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Blacktail redhorse
Blacktail Redhorse (Moxostoma poecilurum).jpg
Conservation status
Scientific classification

The blacktail redhorse (Moxostoma poecilurum) is a species of ray-finned fish in the genus Moxostoma. The blacktail redhorse occupies North America, being located throughout Mississippi River tributaries on the former Mississippi Embayment, ranging from Southern Kentucky to Galveston Bay in Texas.

Description

Like other Moxostoma, the blacktail redhorse has a long and cylindrical body. It is gold to bronze on the upper half with a silver-green iridescence, and is a silver yellow to white on the lower half. The caudal and lower fins are red, with a black stripe on the lower half of the forked caudal fin, which is normally larger than the upper half. The edge of the dorsal fin is usually concave, and the fin is a dusky grey on the lower half and more red on the upper half.

There are normally 41 to 44 lateral scales, and 12 to 13 dorsal rays.

The fish has a maximum total length of 51 cm (20 in), but is normally has a total length of 25 cm (10 in) to 41 cm (16 in).

Distribution and habitat

Moxostoma poecilurum is found throughout Mississippi River tributaries on the former Mississippi Embayment running from Southern Kentucky to Southern Arkansas, south to Louisiana. It can also be found in gulf slope drainages from the Choctawhatchee River in Alabama and Florida to Galveston Bay in Texas. It is endemic to the Southeastern United States. The distribution has not been noticeably decreased for any reason, nor has the Blacktail Redhorse been extirpated from any particular location.

Moxostoma poecilurum is a demersal, temperate, freshwater fish, most commonly found in sandy and rocky pools, runs, and riffles of small to medium-sized streams and rivers. Due to their adaptive abilities and widespread distribution throughout the Southeast, they can sometimes also be found in reservoirs, swamps, and the Mobile Delta. They generally occur in swift to standing water over sand, silt, rock, or gravel substrates and around aquatic vegetation. It is a benthic feeder and has a relatively diverse diet ranging from detritus, diatoms, and a wide variety of small invertebrates including microcrustacea, rotifers and the larvae of many insects. A Louisiana State University study revealed a specific diet “primarily composed of chironomid (55%) and heptageniid larvae (17%)”. Due to its relatively small size, the Blacktail Redhorse is a common prey species among many avian and mammalian predators.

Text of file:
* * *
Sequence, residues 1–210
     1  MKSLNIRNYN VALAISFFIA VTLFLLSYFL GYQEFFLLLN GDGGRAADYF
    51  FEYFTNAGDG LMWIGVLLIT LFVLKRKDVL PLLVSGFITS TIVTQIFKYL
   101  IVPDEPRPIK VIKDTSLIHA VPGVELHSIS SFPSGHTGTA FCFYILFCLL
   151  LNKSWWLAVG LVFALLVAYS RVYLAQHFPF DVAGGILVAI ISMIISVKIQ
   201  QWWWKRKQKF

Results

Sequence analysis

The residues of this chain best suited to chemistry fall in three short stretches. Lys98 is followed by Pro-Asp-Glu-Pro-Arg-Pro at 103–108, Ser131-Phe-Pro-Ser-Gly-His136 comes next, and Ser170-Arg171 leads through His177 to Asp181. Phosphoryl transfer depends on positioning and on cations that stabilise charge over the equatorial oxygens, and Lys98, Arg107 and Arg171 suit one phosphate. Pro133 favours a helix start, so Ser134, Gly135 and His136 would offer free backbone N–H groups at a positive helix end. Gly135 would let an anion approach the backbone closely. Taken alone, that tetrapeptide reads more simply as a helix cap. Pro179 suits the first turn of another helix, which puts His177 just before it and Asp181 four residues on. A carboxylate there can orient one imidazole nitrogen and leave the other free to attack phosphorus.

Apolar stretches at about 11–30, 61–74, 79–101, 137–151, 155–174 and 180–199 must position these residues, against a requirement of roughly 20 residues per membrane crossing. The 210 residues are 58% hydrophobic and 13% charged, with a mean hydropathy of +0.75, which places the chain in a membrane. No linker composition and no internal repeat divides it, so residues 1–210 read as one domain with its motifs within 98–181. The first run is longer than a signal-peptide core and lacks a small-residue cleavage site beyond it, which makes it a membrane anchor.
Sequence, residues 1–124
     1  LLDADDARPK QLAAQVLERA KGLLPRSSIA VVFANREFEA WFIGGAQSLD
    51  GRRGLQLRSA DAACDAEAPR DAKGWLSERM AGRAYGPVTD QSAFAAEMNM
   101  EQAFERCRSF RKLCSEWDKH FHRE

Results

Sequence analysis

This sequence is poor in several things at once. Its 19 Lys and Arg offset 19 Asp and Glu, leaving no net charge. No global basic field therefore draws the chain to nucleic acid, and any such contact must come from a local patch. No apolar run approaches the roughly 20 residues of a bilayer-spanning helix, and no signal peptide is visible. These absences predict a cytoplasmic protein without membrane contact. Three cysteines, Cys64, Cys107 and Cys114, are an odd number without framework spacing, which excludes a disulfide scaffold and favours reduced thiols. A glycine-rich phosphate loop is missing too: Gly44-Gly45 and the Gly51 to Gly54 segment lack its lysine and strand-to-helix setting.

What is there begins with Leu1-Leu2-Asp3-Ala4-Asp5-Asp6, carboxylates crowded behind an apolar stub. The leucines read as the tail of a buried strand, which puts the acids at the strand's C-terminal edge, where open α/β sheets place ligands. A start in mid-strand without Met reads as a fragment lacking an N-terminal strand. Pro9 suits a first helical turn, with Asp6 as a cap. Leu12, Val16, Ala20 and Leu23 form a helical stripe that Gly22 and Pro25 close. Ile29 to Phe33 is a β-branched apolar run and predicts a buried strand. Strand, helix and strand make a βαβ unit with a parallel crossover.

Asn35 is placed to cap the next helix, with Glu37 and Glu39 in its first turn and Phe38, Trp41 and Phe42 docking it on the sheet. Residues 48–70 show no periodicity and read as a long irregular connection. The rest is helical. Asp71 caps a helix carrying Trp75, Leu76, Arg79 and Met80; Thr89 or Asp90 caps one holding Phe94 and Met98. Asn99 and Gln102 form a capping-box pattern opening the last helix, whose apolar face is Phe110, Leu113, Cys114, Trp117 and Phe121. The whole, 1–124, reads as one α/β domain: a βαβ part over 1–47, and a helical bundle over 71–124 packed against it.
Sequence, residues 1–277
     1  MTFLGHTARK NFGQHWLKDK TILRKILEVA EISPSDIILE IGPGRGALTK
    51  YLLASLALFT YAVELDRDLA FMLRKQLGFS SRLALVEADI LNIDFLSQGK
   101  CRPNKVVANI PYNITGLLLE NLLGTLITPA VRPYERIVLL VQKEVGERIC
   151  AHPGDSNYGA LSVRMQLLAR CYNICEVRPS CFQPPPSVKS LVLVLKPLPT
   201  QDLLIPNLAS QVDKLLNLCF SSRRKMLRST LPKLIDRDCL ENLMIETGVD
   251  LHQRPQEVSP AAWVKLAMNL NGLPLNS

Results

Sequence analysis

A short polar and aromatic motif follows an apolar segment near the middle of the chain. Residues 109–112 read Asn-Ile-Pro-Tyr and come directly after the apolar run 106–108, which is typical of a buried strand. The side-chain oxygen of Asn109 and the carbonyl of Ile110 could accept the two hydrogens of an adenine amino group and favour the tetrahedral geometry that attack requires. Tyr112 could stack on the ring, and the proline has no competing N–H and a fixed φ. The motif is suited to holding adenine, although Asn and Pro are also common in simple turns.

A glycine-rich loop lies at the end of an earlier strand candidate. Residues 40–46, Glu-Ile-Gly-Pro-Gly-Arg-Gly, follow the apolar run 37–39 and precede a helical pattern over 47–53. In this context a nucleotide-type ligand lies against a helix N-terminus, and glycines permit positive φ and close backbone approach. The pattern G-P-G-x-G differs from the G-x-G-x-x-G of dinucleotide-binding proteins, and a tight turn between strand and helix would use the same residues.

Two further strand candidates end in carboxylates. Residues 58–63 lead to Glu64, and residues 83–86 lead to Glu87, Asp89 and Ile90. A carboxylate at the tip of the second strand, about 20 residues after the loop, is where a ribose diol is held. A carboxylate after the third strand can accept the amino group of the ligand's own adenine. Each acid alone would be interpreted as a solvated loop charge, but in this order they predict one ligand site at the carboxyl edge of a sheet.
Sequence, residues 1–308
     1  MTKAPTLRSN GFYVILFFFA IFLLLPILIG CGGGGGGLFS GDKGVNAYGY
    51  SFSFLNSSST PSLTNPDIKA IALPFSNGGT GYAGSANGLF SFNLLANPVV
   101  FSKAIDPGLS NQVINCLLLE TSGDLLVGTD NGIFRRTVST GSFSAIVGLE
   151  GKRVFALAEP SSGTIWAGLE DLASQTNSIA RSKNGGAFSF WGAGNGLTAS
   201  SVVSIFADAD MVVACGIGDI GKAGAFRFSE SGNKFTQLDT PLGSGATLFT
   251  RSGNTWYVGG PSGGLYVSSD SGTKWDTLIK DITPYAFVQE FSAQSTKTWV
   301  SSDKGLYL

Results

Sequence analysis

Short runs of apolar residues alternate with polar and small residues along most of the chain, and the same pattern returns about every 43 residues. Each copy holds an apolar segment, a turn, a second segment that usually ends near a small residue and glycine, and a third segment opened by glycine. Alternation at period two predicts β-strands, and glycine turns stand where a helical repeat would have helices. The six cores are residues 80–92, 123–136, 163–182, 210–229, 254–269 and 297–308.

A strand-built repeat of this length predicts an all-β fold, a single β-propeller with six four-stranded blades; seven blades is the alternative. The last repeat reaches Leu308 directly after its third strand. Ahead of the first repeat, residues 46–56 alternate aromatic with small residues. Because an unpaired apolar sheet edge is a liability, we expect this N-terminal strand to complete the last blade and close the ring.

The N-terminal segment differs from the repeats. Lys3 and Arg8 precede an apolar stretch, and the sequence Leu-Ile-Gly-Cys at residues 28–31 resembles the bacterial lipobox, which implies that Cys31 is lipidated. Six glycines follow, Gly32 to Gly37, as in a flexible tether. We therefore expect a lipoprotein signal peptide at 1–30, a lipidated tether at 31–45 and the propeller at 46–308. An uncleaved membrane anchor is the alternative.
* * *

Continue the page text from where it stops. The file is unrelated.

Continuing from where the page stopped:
Life cycle

Blacktail Redhorse spawn in rocky shoal areas of small streams from late April through early May, when water temperatures approach 20 degrees Celsius. They utilize an aggregation spawning technique in which 2-3 males swim around a female, spawning intermittently. The fertilized eggs are dimersal and nonadhesive and hatching occurs 6–8 days after fertilization. The larvae move off the bottom and into the water column roughly 6 days after hatching. Females reach maturity at roughly 3 years of age and have an average clutch size of 17,000 eggs. Blacktail Redhorse can reach lengths of up to 51 centimeters (20 inches), and have a maximum lifespan of 10 years. During colder months of the year, mature individuals are known to display seasonal migration, moving downstream into deeper water.

Relationship with humans

Currently, Moxostoma poecilurum is listed as threatened in Kentucky due aquatic habitat degradation, siltation, and increased turbidity. While the most noticeable causes of the species, decline result from anthropogenic factors, some biological factors negatively impact the Blacktail Redhorse. While the fish commonly falls prey to avian and mammalian predators, it also deals with multiple parasites; Eocollis catostomi, Pellucidhaptor orthacis, and Pellucidhaptor pterigynus parasitize the Blacktail Redhorse throughout its native range. Overall, habit destruction is the leading cause for the decline of the species. Agriculture, road construction, urbanization, and quarrying increase siltation and turbidity, as well as create migration barriers, inhibiting reproduction and health of the species. That being said, places such as Big Thicket Biosphere Reserve (National Park) in Texas and Horseshoe Bend National Military Park in Alabama are protected areas, providing effective conservation habitat for the Blacktail Redhorse. The IGFA world record for Blacktail Redhorse stands at 1 lb 8oz taken from the Tallapoosa River in Alabama in 2005.

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